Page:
Vincent D’Onofrio

Vincent D'Onofrio talks about taking on the bad guy:

“It’s fun, you know. It’s fun to do a film with Dax. You know, he’s a friend of mine and you know, he’s so good at, he’s written everything and he’s asked certain people to do it with him and just to be in here is exciting. I’m so proud of him and his future and stuff. As far as Ray, Ray is just, you know, he’s on a mission. He’s a guy with a mission and he wants to protect his son from his son’s self, and he wants to make a bunch of money and get the f*ck out of dodge. That’s what he wants to do.”

When it comes to stunts, did Mr. D’Onofrio get involved in that:

“No, I don’t do any of the dangerous stuff. First of all, we’re not allowed, and secondly, I’m not that great on the motorcycle like Dax is and the stunt guy is here. It’s silly for me to try and do that stuff, but any time that I, I do it, you know, but I’m not going to say that it’s not the stunt guys doing most of the crazy. There’s a lot of, I mean, when there’s a stunt in this movie, there’s a stunt. It’s not little things, it’s huge things. It’s like people jumping over shit and crashing, you know. You know, the other day, my stunt double, Eric Benson, who actually, Dobber did it, one of Dax’s guys, you know, he was riding forward on my Harley and they shoot at him and he takes a complete spill. The Harley goes on the side, they busted the Harley for real. You know, I can’t do stuff like that. It would be crazy. I’d be in the hospital for nine months. This guy just got up and did it again. Crazy.”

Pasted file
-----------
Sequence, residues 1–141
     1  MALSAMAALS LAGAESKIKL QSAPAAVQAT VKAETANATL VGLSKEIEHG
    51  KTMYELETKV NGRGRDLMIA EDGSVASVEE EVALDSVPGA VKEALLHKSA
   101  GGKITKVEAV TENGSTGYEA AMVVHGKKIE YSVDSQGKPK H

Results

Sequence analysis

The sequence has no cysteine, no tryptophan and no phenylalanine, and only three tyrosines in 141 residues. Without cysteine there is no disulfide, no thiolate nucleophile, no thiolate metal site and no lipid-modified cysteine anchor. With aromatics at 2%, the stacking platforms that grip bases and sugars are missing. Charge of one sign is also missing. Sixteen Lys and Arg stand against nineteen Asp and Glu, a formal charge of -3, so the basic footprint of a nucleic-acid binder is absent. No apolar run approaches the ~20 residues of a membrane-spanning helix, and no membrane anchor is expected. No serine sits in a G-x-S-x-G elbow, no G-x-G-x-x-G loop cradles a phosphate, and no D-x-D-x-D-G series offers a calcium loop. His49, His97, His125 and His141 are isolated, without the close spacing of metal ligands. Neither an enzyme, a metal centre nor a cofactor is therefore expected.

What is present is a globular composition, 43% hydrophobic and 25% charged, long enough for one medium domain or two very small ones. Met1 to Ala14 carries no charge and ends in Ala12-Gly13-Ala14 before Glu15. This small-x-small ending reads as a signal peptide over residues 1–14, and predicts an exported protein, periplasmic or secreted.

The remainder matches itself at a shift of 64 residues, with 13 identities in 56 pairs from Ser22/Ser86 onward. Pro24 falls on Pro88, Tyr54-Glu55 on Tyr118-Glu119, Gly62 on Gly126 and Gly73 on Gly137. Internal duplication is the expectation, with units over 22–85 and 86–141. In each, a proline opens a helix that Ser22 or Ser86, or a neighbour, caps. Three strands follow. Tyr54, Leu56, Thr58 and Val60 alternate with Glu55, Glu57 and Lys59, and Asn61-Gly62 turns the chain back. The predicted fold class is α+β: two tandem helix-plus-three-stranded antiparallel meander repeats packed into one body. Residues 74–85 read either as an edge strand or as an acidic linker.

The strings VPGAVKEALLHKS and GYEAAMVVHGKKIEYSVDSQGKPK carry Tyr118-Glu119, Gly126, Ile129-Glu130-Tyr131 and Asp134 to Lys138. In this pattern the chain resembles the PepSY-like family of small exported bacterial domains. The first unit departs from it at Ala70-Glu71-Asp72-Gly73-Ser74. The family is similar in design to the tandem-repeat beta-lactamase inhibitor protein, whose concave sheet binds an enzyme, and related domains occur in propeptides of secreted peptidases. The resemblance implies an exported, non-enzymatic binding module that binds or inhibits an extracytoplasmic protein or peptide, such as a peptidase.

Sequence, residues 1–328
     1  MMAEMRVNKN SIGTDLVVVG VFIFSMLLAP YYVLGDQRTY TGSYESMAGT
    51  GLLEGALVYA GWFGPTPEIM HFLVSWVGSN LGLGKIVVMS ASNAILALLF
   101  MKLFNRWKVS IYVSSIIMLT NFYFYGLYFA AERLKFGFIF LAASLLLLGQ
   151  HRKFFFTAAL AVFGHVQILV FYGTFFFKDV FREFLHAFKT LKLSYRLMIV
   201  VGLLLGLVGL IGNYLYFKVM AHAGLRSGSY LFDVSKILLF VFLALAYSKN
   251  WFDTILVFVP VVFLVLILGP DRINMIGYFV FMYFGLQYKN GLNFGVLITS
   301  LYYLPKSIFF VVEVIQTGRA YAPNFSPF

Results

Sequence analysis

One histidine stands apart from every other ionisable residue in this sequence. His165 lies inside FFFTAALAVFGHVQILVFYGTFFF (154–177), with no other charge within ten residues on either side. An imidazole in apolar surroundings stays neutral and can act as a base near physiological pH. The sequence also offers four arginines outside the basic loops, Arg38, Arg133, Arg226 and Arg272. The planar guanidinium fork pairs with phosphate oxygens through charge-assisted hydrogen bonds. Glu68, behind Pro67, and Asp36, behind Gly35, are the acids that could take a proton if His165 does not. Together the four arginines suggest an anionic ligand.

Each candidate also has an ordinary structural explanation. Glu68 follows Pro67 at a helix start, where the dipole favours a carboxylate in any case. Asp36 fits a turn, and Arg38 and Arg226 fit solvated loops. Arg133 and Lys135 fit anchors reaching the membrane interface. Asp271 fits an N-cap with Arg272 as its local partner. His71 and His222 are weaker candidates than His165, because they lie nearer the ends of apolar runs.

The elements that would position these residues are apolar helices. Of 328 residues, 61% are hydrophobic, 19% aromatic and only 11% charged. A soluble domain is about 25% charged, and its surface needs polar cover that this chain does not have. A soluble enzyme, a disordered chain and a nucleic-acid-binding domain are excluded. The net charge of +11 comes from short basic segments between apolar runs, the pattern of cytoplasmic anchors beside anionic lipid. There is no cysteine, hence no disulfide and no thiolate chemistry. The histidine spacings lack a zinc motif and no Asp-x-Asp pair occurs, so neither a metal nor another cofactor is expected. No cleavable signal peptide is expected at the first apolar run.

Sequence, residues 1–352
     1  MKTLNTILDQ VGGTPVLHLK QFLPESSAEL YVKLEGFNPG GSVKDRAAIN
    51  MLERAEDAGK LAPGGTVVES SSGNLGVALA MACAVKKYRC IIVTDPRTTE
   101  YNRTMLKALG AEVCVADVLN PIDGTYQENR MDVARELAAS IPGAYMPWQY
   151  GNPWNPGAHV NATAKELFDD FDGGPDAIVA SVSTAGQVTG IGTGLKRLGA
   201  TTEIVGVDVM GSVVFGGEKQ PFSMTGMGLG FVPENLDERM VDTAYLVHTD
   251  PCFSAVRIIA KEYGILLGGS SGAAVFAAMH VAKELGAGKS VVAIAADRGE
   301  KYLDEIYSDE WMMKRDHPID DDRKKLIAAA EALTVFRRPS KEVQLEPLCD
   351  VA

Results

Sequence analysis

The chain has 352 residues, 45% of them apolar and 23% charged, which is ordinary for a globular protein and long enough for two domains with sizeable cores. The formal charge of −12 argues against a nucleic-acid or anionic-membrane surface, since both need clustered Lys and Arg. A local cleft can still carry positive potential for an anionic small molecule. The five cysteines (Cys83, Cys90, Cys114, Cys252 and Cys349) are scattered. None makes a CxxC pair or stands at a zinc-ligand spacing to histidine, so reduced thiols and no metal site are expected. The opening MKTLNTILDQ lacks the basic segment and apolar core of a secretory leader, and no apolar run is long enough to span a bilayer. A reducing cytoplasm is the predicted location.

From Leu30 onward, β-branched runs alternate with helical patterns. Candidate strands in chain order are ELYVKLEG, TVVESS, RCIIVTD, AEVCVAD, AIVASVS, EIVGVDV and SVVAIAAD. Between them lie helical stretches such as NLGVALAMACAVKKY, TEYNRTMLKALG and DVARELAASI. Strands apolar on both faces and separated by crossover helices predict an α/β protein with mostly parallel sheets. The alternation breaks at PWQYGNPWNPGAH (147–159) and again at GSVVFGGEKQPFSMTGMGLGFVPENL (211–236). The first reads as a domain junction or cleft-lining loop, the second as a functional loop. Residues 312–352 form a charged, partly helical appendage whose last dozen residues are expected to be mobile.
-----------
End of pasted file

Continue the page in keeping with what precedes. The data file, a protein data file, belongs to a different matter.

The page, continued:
When it comes to choosing his projects, does genre have any influence:

“Not really. This here has been pretty crazy. I’ve been jumping all over the place doing lots of different things. I think I’m lucky to still be working. It’s kind of nice, so if it’s not, everything has, everything you do has a different reason why you do it. For me it is, anyway. So, Daredevil I wanted to, I had been talking to the Marvel guys and I immediately had a take on it, so that’s why I wanted to do that. I think this was the combination of trusting Dax so much and being so impressed by him and his sense of humor and his writing, and I think that that’s pretty much why I’m here on this one. I want so badly for him to keep directing movies, you know. So, everything has a different reason.”